Just 11 months into office, Prime Minister Shinzo Abe has visited all 10 members of the Association of Southeast Asian Nations as Japan seeks to further cement its strategic ties with the region at a time when relations with China remain sour.
But some Japanese pundits are skeptical as to whether Japan’s policy of engaging with as many members of ASEAN as possible will bear fruit.
Wrapping up a trip to Cambodia and Laos on Sunday, Abe exuded optimism at a press conference in Vientiane, where he stated that his face-to-face talks with all 10 ASEAN leaders since he took office last December have strengthened mutual trust and given them room to discuss various issues.
“ASEAN is an important partner (of Japan) in ensuring freedom and security (of navigation) in Asian seas,” Abe said at the press conference.
Calling Southeast Asia a hub for future economic growth, a senior Foreign Ministry official said Abe’s visits to ASEAN countries have been “necessary and vital from the viewpoint of attaching strong importance to Asia and neighboring countries.”
“The prime minister’s trips hold symbolic meaning and also show the commitment level of the Japanese leadership in terms of engaging with ASEAN,” said Narushige Michishita, associate professor of the National Graduate Institute for Policy Studies.
Japan enjoys close economic ties with ASEAN nations, offering official development assistance, either monetary or technical, to boost their infrastructure. Southeast Asia is also seen as a potential market for Japan’s infrastructure exports.
But China is not to be outdone in economic ties with ASEAN. A case in point is Cambodia, where China’s accumulated investment from 1994 to 2011 accounted for about 35 percent of foreign investment, compared with 0.7 percent for Japan.
Among ASEAN nations, Cambodia and Laos are considered particularly “close to China,” according to a Japan-ASEAN source, giving extra meaning to Abe’s two trips in November to these two “pro-China” countries.
Against this backdrop, it was unexpected for Cambodian Prime Minister Hun Sen in preliminary negotiations to agree to a Japanese proposal to issue a joint statement about cooperating on maritime security, with China in mind, according to a diplomatic source.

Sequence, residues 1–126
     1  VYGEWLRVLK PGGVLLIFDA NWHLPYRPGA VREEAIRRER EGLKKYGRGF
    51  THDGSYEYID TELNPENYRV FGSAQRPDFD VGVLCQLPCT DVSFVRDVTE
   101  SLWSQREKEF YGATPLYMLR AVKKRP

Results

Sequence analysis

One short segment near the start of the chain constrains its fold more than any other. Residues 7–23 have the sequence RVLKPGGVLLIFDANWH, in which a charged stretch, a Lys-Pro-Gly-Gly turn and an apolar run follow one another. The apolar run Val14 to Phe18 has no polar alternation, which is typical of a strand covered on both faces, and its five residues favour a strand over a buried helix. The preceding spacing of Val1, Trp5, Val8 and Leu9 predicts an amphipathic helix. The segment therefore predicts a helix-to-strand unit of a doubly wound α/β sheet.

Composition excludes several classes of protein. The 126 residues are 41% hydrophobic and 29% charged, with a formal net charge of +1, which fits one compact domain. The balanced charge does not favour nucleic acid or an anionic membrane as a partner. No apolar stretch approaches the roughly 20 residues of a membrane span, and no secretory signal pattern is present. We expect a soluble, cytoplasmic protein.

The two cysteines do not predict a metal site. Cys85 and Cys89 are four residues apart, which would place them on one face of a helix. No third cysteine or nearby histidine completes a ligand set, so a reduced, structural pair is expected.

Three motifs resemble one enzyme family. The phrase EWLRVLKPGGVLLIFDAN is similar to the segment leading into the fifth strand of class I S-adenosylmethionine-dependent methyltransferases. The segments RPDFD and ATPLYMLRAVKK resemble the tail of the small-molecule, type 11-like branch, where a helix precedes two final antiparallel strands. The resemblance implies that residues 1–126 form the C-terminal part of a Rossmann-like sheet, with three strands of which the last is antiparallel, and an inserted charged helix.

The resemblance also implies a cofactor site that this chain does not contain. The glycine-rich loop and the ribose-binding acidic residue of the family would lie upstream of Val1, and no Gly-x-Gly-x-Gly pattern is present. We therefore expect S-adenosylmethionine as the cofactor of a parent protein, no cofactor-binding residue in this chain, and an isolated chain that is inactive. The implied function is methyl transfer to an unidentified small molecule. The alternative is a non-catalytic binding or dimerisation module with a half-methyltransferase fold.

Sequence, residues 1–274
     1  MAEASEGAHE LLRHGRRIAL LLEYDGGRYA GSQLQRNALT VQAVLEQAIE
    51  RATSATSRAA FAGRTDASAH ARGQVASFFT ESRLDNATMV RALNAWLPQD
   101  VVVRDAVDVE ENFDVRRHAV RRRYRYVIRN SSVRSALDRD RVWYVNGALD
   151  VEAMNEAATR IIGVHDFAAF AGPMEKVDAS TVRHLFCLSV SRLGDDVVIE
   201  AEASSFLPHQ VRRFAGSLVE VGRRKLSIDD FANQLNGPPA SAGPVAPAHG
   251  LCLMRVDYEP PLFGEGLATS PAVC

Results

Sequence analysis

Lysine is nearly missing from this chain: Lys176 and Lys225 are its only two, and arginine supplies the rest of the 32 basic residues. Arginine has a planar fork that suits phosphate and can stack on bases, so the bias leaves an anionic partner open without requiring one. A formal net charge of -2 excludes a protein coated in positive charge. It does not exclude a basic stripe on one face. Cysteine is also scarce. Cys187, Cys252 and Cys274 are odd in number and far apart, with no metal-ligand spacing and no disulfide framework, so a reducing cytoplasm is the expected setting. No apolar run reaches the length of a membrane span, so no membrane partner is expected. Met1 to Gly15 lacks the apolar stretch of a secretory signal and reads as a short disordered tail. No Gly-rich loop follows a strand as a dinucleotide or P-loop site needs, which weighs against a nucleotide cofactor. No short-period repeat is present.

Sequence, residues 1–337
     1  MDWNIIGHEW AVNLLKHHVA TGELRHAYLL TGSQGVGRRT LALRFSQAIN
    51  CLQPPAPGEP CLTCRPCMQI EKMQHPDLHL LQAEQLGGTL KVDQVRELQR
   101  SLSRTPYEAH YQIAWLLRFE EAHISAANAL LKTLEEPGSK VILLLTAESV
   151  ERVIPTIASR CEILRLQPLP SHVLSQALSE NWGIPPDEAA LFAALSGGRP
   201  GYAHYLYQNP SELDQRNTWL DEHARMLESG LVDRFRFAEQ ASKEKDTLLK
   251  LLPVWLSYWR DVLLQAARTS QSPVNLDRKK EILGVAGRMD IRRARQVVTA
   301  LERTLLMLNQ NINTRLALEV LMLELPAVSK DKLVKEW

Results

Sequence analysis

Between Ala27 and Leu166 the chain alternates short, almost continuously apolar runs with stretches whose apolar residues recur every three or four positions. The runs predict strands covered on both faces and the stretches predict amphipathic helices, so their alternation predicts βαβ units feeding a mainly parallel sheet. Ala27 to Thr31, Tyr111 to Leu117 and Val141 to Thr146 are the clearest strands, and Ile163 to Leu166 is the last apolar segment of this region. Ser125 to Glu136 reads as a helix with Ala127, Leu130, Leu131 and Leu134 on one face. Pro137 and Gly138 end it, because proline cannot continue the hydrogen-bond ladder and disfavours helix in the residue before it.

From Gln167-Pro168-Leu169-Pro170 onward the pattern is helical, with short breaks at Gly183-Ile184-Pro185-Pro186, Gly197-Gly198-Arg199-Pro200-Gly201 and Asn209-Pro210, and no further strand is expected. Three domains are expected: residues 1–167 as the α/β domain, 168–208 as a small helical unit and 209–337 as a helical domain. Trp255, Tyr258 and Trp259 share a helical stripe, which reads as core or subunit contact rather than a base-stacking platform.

“It is a surprise (for Cambodia) to make this much of a concession,” a high-ranking Foreign Ministry official said.
Still, China casts a shadow over Japan’s relations with Southeast Asian nations, with experts saying ASEAN nations are wary of becoming too cozy with Japan at the risk of irking China, a rising economic and military power.
“One can see how Japan’s Southeast Asian diplomacy is influenced by Japan’s China strategy,” said Sophia University political science professor Koichi Nakano.
In his talks with ASEAN leaders, Abe has often made an implicit reference to China’s growing assertiveness at sea by referring to the importance of ensuring freedom and security of navigation and abiding by international law.
Japan and China remain at odds over the sovereignty of the Japanese-controlled Senkaku Islands, which China claims and calls Diaoyu, in the East China Sea. Tensions worsened after Japan effectively nationalized the uninhabited islets in September 2012. Since then, Chinese vessels have intruded in Japanese territorial waters near the Senkakus.
Beijing also has overlapping territorial rows in the South China Sea with Vietnam, the Philippines and other nations with which Japan has been strengthening maritime cooperation. Tokyo will provide 10 coast guard patrol ships to Manila to help counter China.
Also, much to the dismay of Beijing, Abe has made use of his ASEAN trips as avenues to explain his nation’s security policy of promoting what he calls “proactive pacifism” to contribute to global peace and stability.
“Our path as a pacifist nation remains unchanged,” he said, apparently to allay concerns that may have arisen as his government pushes to exercise Japan’s right to collective self-defense, which is banned under the current interpretation of the Constitution.
Chief Cabinet Secretary Yoshihide Suga said at a recent press conference in Tokyo that Japan’s push for this right is gaining the consent and support of ASEAN countries and other members of the global community.
With Abe completing his visits to all ASEAN countries just weeks ahead of the Dec. 13-15 special Japan-ASEAN summit in Tokyo marking the 40th anniversary of their diplomatic ties, Japan is keen to make a mark on this occasion.
“I would like to map out a new vision” for Japan-ASEAN, Abe said.
But how far Japan can take its diplomacy with ASEAN to higher ground remains uncertain as it faces a number of other tasks — finding a breakthrough to resume summits with China, mending ties with South Korea and ironing out certain political issues with the United States, Japan’s key ally.
Sophia University’s Nakano said that Tokyo’s urgent need is to fix its ties with China and South Korea, another East Asian neighbor with which it has a territorial row, and also with the United States.